An aging Pat Garrett is hired as a lawman on behalf of a group of wealthy New Mexico cattle barons--his sole purpose being to bring down his old friend Billy the Kid.
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Never has a film been seen more as a ballad, a poem to the old passing west, more so than Sam Peckinpah’s 1973 classic ‘Pat Garrett and Billy the Kid’. The story of two once best friends now on opposing sides of the law has been used many times in films but this perfects it with a beautiful visual backdrop of a changing west and the end of the outlaw era into business and money. It is in essence a goodbye, an ode to a once reckless but free way of life.
The film has a complicated history, stories were abound on set of Peckinpah having had a heart attack and was near death – these ‘stories’ were soon dispelled with a joking published photo of Peckinpah surrounded by the cast and crew with a drip hanging off him, and of course a bottle of whiskey. Then came the studio interference in the edit suite, so often a problem Peckinpah faced, coupled with time constraints and not liking or understanding his version of the film, the studio decided to force the great director out of the edit suite and do their own cut, releasing a version that made little narrative sense to the film we all know now resulting in Pat Garrett and Billy the Kid being released in a truncated version largely disowned by cast and crew members. This version was a box-office failure and was panned by most major critics. But Peckinpah himself was in possession of his own director's cut, which he often showed to friends as his own definitive vision of the film. In1988 the film was shown in Peckinpah’s uncut version when Turner Home Entertainment and MGM released it on video to the applauds of both audience and critics alike making it the definitive release, proof of the rumoured lost masterpiece, now seen as a modern classic by critics.
The acting is superb from both leads, Coburn as always never gives a bad performance and is the epitome of a torn soul - haunted, embittered and full of self-loathing - a masterpiece of understated acting. Whilst Kristofferson has never been better, cutting a wonderfully romantic figure as The Kid, a wild, untameable spirit of the True West playing the wild eyed immaturity of ‘the kid’ mixed with a personal knowing that his time is up and wanting to live his last days true to the notorious outlaw he has become famed for combing warmth, innocence and fearlessness. The only drawback is that its obvious Kristofferson wasn’t a 21year old kid at the time of filming but was actually 35, though within the first few frames of his opening conversation with Coburn this is easily forgotten as he ‘becomes’ The Kid.
Peckinpah’s direction is immaculate, it has the typical Peckinpah moments so loved in previous films like the Wild Bunch – the slow motion killings, bullets and blood – but the pace at times feels so tranquil like a ballad slowing telling us a beautiful ode to the passing of these violent times. It’s Peckinpah’s amazing visualisation of the west and the friendship of Garrett and Billy allowing the actors to pause sombrely within takes as time catches up with them, that is such a strong point for the film. This narrative and visual style of Peckinpah’s is summed up best half-way through when a dying Slim Pickens slowly walks to a river where a beautiful blue sky is above him and he turns back knowingly to Garrett as Dylan’s ‘Knocking on Heaven Door’ plays… If there has ever been a better moment of the ‘passing of life’ and the ‘passing of a different time’ in cinema history I have yet to see it. Peckinpah encompasses a long slow drawn out breath to the end of the west throughout the film creating many memorable vignettes around the central story and paints a dispiriting portrait of the West in the late 19th century: inhospitable, almost third world, and filled with lowlifes who are either waiting to die or get killed.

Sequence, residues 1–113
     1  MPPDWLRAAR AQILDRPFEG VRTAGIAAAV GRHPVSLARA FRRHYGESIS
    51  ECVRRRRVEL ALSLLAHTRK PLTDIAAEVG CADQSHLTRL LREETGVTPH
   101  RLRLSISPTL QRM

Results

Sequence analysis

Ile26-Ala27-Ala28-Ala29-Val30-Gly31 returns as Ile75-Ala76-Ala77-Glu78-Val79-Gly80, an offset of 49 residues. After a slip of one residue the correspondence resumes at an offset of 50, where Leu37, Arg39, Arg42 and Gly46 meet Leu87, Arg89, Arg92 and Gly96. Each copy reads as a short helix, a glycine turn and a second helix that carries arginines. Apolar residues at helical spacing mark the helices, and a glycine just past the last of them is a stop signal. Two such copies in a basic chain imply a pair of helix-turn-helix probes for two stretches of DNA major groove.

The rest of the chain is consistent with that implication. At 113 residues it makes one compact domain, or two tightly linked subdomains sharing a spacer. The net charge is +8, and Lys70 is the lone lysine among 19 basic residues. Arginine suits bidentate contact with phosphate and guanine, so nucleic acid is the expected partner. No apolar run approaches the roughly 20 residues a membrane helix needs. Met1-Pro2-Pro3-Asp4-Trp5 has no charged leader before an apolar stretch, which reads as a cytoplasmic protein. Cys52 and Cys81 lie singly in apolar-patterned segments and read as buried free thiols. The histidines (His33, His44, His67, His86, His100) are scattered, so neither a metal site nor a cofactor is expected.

Opinion to this day amongst critics is still divided, Time Out’s Derek Adams giving it high acclaim saying the film has a ‘mournful quality which places the film very high up in the league of great Westerns,’ whilst Roger Ebert writing for Chicago Sun-Times claims ‘it’s boring’. The definitive 1988 version is mostly held in positive acclaim by critics and audience alike with an average score of 81% on Rotten Tomatoes.
Sam Peckinpah like his films has always divided opinions, some say he was a genius who told visually striking stories making the violent at times look poetic and making all of us look inside our souls and see the outlaw and violence within… Others say he was a male chauvinistic who filmed violent self absorbed films that became less and less important the more he engrossed himself in the drinking that would eventually kill him. Personnaly speaking, that’s what I love about Peckinpah’s films, its never a dull moment when one is debated amongst friends or colleagues, and none more so than Pat Garrett and Billy the Kid – which I believe to be the most beautiful story told of all westerns. I was lucky enough to see it on the big screen when the NFT recently did a Peckinpah week of films and at the end I honestly felt drained from this most savage and lyrical of Western directors, like an entire way of life had washed over me and been taken away, and that is the brutal honesty Peckinpah conveys in his personal masterpiece ‘Pat Garrett and Billy the Kid’.